In selecting an international adoption agency, there are Four Essential Criteria you should probably consider. Click here to browse through reviews of adoption agencies in Pennsylvania.

In order to be approved to adopt internationally, you will need to complete an international adoption-specific home study.

International Adoption: Post-Adoption Requirements
30. International Adoption: Post-Adoption Requirements

You will not need to attend a court hearing to finalize your child’s adoption in Pennsylvania.

After you have brought your child home, you will need to submit the adoption decree issued by your child’s country of origin, along with a certified English translation, if necessary, to your county clerk.

The documents will be reviewed, and an order recognizing the foreign adoption will be filed and entered. You can request a copy of this order for your personal records.

You will also need to request a U.S. birth certificate for your child.

Read more about post-adoption requirements here.

Stepparent Adoption in Pennsylvania
31. Stepparent Adoption in Pennsylvania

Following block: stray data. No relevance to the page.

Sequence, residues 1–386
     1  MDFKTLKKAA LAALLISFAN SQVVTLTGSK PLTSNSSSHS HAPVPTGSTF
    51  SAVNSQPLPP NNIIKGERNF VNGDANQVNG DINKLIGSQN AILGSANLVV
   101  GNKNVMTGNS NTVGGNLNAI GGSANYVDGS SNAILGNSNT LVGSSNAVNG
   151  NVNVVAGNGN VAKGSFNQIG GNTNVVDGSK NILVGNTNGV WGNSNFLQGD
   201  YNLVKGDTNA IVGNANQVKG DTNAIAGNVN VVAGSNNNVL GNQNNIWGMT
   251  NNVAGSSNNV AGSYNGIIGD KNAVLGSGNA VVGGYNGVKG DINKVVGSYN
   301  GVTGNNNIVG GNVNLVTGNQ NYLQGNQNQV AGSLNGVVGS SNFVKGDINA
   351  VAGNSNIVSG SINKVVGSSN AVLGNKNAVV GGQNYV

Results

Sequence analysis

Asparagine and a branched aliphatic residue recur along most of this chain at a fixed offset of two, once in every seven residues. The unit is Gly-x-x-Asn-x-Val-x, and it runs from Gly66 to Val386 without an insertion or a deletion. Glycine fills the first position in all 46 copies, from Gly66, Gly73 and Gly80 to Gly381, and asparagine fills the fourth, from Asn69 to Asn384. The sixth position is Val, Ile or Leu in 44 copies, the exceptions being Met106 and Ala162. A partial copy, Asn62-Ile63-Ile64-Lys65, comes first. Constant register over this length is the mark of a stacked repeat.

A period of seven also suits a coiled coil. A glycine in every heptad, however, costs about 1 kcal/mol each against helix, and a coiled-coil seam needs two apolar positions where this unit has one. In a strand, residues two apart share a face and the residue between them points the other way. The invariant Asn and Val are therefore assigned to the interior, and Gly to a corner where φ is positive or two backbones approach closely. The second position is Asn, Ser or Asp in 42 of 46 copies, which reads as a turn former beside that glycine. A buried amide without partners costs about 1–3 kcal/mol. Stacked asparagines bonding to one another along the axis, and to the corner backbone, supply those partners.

Before you get started, click here to familiarize yourself with the overall process of stepparent adoption. Then, because laws and processes vary from state to state, come back here to get the details about stepparent adoption in Pennsylvania.

Stepparent Adoption: Terminating Parental Rights
32. Stepparent Adoption: Terminating Parental Rights

In order for you to adopt the child of your spouse, the corresponding biological parent’s rights will first need to be terminated, either voluntarily or involuntarily.

You will need to consult with an adoption attorney about your desire to adopt. He/she can help you decide if it’s likely that the biological parent would be willing to relinquish rights OR if it would be feasible to pursue involuntary termination of his/her parental rights.

Stepparent Adoption: Petitioning to Adopt
33. Stepparent Adoption: Petitioning to Adopt

Once parental rights have been terminated, you can file a petition to adopt with the courts. You and your spouse will both testify in court regarding the stability of your marital relationship, the bond you’ve developed with your stepchild, and your desire to become the legal parent of your stepchild.

You will generally not be required to complete a background check or home study as part of the stepparent adoption process.

Works Cited
35. Works Cited

Adoption.com Wiki (Pennsylvania Adoption Laws)
Pennsylvania Statewide Adoption and Permanency Network
AdoptUSKids.org
Child Welfare Information Gateway
North American Council on Adoptable Children

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Griffin Hunsaker